Feld Thoughts – Brad Feld, Foundry Group / TechStars
Feld is the granddaddy of startup bloggers. His posts are outstanding and insightful, if nothing else. Sometimes the topics can be a bit pessimistic, but he has some sage advice nonetheless.
Andrew Chen – Andrew Chen (duh)
Chen was one of the first bloggers to really dial in on startup metrics like LTV and important topics like customer retention. His essays are few and far between, but they are almost always quality.
Paul Graham – Paul Graham, Y-Combinator
The godfather of Y-Combinator, the incubator of all incubators, Paul Graham is a modern day Moses, leading startups to the promise land in droves. His essays date as far back as 1993, but somehow they are still relevant today. Need a starting point, read Graham’s essay Do Things That Don’t Scale.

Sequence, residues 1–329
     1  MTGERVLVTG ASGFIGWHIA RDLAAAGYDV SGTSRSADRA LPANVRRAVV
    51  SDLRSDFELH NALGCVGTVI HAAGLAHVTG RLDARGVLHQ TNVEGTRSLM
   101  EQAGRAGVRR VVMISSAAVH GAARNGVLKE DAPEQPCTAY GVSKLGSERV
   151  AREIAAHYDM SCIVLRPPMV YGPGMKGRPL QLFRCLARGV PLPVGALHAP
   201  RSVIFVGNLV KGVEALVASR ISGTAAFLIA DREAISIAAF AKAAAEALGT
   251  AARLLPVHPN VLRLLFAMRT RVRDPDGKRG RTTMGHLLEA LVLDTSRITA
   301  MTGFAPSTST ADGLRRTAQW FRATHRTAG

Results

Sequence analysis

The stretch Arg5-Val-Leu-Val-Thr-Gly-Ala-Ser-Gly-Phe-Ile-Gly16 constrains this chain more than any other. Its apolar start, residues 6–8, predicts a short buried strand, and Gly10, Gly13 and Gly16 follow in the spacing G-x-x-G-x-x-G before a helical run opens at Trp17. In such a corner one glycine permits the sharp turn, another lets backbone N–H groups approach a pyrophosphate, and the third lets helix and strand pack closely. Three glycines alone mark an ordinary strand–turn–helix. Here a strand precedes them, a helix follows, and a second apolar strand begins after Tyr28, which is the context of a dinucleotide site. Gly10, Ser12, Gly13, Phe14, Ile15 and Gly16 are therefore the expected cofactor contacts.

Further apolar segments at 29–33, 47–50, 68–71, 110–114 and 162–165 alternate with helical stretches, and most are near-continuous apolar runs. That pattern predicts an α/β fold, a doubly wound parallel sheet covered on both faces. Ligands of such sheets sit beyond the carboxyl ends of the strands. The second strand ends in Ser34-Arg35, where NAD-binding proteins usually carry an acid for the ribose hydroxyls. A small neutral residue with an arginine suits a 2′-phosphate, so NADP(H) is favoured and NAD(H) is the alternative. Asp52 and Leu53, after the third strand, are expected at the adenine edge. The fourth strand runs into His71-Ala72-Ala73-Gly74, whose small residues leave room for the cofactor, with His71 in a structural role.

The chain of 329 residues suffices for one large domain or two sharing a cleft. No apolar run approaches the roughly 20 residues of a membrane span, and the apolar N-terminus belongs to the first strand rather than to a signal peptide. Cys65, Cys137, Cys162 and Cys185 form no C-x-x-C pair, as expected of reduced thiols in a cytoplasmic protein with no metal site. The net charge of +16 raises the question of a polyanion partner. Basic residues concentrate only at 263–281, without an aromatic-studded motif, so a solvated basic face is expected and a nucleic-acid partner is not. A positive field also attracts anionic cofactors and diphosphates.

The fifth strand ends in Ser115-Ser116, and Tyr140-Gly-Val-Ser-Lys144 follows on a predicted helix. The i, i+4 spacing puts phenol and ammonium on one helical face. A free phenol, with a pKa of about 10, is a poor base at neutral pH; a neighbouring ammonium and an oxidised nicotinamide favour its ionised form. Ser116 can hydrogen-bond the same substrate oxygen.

OK Dork – Noah Kagan, AppSumo / SumoMe
Noah is one of the best. He is fun and goofy, but he knows how to internet really well and you should learn from him. Sign up for his insightful posts on marketing and growth hacking right here, right now.
Ryan Holiday – Ryan Holiday, Author / American Apparel
Ryan is a prolific reader and writer and pursuer of all things growth. Still in his twenties, he has written three books and is the VP of Marketing for global clothing brand American Apparel. Listen to what he says.
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Communities You Should Join
GrowthHackers.com – It’s like reddit for growth hackers!
Inbound.org – It’s like reddit for marketers!
Books You Should Read
Growth Hacking – Ryan Holiday
Startup Growth Engines – Sean Ellis
Predictable Revenue – Aaron Ross
and much, much more…
Cold Emailing – The Best Growth Hacking Tool